Policing language is typically something performed in a downwards direction – a reason for all feminists to be wary of it. Those following this blog know all too well how it’s used to silence women.
Last year I discovered the perfect gift for the supercilious arse in your life: a mug emblazoned with the legend ‘I am silently correcting your grammar’. The existence of this item testifies to the widely-held belief that sneering at other people’s language-use is not just acceptable, it’s actually a virtue. When the subject is language, you can take pride in being a snob; you can even display your exquisite sensitivity by comparing yourself to a genocidal fascist (‘I’m a bit of a grammar Nazi: I can’t bear it when people use language incorrectly’).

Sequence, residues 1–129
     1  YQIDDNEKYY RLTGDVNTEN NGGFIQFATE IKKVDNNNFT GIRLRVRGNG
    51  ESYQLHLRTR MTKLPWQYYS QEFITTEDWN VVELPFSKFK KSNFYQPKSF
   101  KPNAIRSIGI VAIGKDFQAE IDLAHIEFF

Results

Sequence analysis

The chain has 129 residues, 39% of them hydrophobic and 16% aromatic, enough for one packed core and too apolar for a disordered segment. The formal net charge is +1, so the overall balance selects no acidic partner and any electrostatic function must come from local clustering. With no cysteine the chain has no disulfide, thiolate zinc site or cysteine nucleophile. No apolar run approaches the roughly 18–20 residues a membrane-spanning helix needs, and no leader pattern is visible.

On Twitter there’s a ‘Grammar Police’ bot whose mission is to belittle random strangers by tweeting unsolicited corrections of their ‘defective grammar’. Because, according to its profile, ‘publishing defective grammar abases oneself’.
‘Abases *oneself*’? Try ‘one’, or better, ‘you’. And maybe get your thesaurus out, because I don’t think ‘abase’ is the word you want.
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